The idea behind both of these accessories is that they take over interacting with your phone’s screen for you, giving you a secure place to put your phone while you’re gaming. In both cases a mechanism is used to tap the screen in a specific location; usually that location is close to where your thumb (if you’re like most people) would rest.
In addition to this screen tapper, they include an expandable bracket to hold your phone; it grips it like a claw at three points and has padded edges so it won’t do any damage to the device.
The BowBlade is shaped like a bow, while the GameBarz is shaped like a pair of bicycle handlebars. Let’s take a look at the BowBlade first.
BowBlade is about 24” long. It’s a curved piece of plastic that resembles a short bow, with a piece of stretchy cord going from the top to the bottom. Halfway along the cord is a finger loop. This is the crux of how BowBlade works: pick it up like a bow, with your phone in the cradle (under the tapping mechanism) and your app booted. You can aim your new bow like it’s a real one, and by pulling back on the string and putting tension on it, you’re able to slide your finger through the loop. To activate the firing mechanism, you simply pull the loop like a trigger.
GameBarz is similar to BowBlade in that there is a cradle for your phone with a tapping mechanism. It’s attached to a flat bar that looks like the handlebars of a bicycle. The trigger here isn’t a loop, it’s a brake lever like on a bike.
You can hold the GameBarz horizontally, with both hands. You can also hold it vertically with one hand.
Are they fun to use?
I tested out a variety of titles that are compatible with both BowBlade and GameBarz; generally these games are first person perspective, use motion controls for aiming or direction, and have a gameplay element that involves tapping a corner of the screen and / or shaking the whole device.
From a functional standpoint both devices work extremely well. They grip the phone nicely, and the action on the tapper is clean and responsive. Pulling the trigger on the BowBlade has decent travel–that is to say that it moves quickly and accurately. I had a few people try it out to see if varying finger sizes made a difference; the report back was that the experience was similar for both adults and children with hands of all sizes.
In GameBarz case, it’s an interesting addition. There are some cool things you can do with a device that grips your phone tightly while also giving you two handles to keep the whole lot safely in your hands. You can flick the phone, like you’re popping a wheelie, and the device holds the phone fast without a lot of worry of it coming lose. Maybe I’m paranoid, but I still didn’t feel comfortable about getting too wild with it.
One interesting aspect is that you can turn the whole apparatus sideways, holding it like a fishing rod. You can cast with the brake lever, and use a flicking motion to get the sense that you’re actually fishing. This is a type of gameplay that I haven’t personally engaged in since way back in the Sega Dreamcast days; that unit had a winder as well, making it a more legit experience, but it’s still pretty cool to see this type of play return.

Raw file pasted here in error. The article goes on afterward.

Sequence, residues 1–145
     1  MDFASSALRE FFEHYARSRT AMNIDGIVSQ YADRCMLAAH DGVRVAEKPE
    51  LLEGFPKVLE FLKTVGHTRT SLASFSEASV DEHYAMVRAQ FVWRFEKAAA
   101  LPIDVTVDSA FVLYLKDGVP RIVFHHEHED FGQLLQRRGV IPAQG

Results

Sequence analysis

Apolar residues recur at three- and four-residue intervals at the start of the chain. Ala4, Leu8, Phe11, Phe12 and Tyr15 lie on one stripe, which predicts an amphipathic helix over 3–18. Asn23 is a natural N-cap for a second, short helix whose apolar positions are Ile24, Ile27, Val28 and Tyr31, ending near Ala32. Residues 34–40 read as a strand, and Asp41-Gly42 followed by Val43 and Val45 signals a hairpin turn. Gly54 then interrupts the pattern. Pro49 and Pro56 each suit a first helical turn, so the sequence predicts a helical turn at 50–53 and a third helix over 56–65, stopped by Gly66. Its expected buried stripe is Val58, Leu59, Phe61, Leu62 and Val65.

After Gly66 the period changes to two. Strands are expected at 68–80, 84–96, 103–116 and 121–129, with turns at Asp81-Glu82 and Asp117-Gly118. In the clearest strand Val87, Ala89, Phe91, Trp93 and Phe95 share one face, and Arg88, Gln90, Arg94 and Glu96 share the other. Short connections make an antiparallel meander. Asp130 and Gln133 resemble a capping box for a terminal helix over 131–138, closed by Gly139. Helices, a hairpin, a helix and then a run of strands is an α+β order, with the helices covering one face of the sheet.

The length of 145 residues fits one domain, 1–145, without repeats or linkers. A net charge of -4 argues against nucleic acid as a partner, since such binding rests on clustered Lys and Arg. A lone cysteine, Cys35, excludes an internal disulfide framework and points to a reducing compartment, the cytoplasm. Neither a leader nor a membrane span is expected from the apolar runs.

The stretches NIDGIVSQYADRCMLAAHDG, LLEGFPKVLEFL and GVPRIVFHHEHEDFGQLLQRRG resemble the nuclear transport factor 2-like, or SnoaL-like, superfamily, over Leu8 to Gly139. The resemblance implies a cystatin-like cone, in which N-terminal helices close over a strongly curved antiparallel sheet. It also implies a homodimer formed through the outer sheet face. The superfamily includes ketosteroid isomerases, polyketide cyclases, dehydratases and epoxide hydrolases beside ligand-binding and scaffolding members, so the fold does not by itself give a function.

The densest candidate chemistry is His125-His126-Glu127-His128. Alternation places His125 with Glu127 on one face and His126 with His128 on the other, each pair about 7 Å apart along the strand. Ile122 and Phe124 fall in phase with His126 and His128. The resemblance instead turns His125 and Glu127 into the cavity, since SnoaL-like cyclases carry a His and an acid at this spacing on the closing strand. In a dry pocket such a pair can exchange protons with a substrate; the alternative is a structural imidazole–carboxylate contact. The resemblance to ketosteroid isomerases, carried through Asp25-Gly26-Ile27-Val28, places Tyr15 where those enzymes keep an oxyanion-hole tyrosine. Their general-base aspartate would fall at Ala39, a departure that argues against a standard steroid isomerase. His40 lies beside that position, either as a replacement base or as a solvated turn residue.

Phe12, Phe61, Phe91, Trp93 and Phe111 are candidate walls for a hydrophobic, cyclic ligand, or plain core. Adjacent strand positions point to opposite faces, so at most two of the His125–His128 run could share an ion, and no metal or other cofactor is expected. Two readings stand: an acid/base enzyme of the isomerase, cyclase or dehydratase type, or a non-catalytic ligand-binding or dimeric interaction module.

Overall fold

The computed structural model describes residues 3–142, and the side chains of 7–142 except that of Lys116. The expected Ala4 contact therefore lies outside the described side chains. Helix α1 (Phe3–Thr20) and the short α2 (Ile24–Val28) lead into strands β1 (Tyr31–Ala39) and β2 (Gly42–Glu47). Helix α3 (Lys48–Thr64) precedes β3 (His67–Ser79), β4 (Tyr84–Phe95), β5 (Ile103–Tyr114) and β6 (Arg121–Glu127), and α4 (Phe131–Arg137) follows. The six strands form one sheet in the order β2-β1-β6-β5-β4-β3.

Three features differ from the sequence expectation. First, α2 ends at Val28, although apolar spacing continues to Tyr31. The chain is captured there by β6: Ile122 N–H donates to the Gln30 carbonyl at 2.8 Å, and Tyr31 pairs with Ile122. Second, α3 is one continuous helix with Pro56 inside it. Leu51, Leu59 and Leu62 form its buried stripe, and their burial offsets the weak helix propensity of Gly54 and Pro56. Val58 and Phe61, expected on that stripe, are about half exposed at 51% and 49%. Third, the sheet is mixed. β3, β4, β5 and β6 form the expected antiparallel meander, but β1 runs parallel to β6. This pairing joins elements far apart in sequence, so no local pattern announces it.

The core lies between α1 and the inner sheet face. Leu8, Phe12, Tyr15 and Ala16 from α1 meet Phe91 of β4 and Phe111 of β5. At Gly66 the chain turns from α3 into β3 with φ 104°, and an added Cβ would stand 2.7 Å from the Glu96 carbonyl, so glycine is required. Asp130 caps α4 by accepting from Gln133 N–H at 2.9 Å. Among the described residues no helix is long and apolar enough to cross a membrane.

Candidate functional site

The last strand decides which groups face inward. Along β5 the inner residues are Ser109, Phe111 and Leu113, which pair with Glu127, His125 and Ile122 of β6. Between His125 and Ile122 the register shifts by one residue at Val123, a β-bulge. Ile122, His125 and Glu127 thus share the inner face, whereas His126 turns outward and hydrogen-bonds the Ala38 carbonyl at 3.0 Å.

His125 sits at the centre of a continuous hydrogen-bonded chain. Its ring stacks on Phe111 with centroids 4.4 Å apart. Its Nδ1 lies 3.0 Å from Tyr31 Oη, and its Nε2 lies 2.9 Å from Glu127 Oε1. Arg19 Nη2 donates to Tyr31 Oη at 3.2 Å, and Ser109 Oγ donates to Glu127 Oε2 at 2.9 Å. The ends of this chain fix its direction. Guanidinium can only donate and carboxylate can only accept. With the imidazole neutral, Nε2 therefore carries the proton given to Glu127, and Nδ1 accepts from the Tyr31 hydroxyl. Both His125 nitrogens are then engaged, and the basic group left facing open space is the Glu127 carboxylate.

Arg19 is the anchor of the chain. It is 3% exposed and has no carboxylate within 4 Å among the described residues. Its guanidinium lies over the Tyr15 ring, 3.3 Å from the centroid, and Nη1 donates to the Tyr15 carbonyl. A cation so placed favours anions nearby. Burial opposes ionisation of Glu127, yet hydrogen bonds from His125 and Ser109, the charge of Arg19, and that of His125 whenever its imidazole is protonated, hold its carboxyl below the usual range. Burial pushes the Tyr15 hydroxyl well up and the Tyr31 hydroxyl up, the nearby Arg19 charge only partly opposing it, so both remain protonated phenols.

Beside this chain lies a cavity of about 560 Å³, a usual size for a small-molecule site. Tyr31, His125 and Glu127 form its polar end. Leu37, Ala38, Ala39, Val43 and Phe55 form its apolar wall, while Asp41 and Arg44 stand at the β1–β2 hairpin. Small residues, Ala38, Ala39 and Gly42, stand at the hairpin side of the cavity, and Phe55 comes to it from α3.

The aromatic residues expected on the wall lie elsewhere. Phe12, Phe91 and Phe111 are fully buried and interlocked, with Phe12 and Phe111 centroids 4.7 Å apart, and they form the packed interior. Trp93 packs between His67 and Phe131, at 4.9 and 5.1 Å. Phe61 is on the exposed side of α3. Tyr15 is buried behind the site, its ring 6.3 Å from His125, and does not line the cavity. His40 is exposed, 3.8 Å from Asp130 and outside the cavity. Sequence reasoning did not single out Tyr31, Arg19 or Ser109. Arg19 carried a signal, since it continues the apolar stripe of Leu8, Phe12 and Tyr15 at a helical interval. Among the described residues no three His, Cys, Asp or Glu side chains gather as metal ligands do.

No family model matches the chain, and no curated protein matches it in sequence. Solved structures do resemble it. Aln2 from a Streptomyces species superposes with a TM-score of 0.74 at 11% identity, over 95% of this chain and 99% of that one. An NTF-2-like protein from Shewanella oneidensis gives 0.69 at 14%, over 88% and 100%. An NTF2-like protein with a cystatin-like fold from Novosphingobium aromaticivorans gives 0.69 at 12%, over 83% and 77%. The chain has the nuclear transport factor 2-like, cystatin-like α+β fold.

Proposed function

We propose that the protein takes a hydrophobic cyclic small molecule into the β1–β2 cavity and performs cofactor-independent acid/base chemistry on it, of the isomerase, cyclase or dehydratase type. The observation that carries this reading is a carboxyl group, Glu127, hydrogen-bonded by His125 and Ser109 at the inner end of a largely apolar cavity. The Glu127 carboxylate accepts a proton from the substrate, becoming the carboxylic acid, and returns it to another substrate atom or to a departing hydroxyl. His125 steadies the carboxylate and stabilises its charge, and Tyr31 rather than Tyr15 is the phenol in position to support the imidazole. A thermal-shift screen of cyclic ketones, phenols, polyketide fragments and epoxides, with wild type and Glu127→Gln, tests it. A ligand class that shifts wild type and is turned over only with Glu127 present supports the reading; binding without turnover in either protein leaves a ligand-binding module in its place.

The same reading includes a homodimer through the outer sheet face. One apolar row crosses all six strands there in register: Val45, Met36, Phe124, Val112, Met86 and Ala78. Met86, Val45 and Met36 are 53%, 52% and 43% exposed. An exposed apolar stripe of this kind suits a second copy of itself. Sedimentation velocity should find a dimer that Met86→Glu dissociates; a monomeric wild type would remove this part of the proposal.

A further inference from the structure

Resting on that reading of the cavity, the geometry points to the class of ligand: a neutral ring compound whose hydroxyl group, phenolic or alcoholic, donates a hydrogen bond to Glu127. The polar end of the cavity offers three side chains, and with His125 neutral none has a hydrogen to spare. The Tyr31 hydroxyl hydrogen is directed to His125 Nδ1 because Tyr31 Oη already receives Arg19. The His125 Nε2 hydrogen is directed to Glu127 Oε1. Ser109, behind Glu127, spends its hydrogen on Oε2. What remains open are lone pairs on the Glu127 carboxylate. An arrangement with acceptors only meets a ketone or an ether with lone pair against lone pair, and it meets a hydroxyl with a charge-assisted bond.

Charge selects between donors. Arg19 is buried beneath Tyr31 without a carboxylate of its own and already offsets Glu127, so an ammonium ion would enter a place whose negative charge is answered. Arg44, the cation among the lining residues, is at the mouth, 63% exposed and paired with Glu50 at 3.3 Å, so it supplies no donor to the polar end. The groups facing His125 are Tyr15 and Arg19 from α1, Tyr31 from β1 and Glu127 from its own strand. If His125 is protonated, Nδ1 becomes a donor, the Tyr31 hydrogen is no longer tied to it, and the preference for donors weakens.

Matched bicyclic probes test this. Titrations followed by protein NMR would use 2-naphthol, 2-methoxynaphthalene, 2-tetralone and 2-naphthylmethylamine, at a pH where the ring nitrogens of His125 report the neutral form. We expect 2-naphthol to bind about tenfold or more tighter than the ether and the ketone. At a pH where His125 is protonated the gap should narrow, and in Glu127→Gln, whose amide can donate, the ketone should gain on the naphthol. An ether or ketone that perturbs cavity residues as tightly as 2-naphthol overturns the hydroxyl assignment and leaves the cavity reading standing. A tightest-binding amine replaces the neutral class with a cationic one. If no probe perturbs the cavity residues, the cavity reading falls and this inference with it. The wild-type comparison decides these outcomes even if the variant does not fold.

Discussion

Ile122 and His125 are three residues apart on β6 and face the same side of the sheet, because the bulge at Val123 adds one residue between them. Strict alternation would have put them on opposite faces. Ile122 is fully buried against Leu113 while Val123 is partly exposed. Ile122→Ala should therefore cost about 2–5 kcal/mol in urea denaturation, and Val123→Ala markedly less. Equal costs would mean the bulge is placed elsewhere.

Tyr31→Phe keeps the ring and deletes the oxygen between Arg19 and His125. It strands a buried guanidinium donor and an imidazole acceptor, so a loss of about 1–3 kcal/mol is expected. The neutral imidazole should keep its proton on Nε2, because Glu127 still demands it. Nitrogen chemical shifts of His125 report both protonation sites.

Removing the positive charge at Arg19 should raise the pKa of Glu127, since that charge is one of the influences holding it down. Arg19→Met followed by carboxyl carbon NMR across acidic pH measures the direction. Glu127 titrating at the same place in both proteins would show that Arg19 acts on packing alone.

So getting down to the brass tacks of the question of “is it fun?” yields two answers.
I really like GameBarz and think it’s cool. The apps and games seem to make more sense, the unit is lighter and smaller, and easier to store and transport. The brake lever attachment is a much more natural fit for me, and it opens up a few different types of game. Having a solid two-handed grip on the unit means you’re less likely to be concerned about your phone and more likely to be engaged in the game.
That brings us to BowBlade. If you’re into archery, I can see how this would be a fun toy for you. If you really like Stephen Amell (and who doesn’t??) or you’re an Arrow fan who aspires to punish those who have “failed this city” you might be find this to be a cool addition.
While I’m a big fan of Amell and Arrow, and I spent a few years at the archery range at Pleasant Bay Camp in Ontario, I really didn’t have a lot of fun with BowBlade per se. It felt like an interesting idea that I’m not sure I really connected with; you pull the bowstring back and… pull a trigger?
There are more than a few bows out there that can (and in some case need to) be used with a trigger mechanism, but here it feels a bit tacked on. With trigger mechanisms for traditional bows there is a release of tension that accompanies the shot; that doesn’t happen with BowBlade. You draw the string, pull the trigger, and you still have the string drawn. It’s a weird feeling and pulled me out of the action over and over.
I should mention that my arms got tired as I played; that seems to be the point though: build up your strength to overcome that fatigue. I’m a pretty frequent gym-goer and I do lift fairly heavy and still the repetitive motion of BowBlade did give me a workout–so if you’re looking for some strength-building, this is a good choice. It’s probably a good idea to switch arms regularly; both arms get a work out either way, but it does feel a bit more directed towards the arm doing the pulling.
Who’s this for? Well, it seems like if you have a love of hunting and fishing, both of these devices will scratch that itch. I feel like the same group that loved Cabela’s Big Game Hunting might go for this. GameBarz is easier to pack away when you’re not playing with it; BowBlade is pretty darned big.
As for software: for both systems I stuck with the popular, free iOS games on BowBlade.net to test. There are over 75 games available (both free and paid) for both devices, giving you lots to work with.
If you need to work on arm strength or the other for physical therapy, I can see how BowBlade might be advantageous.
For everyone else: check out GameBarz, and give it a go. It makes a great gift for the gamer in your life, if they like mobile gaming peripherals.